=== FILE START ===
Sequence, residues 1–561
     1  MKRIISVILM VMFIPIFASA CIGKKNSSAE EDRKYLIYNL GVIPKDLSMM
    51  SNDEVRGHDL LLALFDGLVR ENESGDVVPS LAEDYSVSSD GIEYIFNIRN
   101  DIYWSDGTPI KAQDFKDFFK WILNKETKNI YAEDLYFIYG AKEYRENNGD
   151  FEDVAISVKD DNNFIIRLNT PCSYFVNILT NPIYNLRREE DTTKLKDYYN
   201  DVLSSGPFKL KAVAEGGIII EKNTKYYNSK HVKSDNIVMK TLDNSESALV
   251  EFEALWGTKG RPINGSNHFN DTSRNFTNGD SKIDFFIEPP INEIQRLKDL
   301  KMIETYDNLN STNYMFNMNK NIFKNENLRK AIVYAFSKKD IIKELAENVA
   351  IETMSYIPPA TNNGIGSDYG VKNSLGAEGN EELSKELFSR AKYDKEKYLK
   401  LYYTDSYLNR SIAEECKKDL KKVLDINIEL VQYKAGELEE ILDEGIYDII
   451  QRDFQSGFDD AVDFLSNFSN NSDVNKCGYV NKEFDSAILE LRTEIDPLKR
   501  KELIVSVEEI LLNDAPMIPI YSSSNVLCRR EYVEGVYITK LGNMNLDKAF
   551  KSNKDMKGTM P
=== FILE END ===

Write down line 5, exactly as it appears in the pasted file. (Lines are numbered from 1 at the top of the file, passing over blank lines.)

   151  FEDVAISVKD DNNFIIRLNT PCSYFVNILT NPIYNLRREE DTTKLKDYYN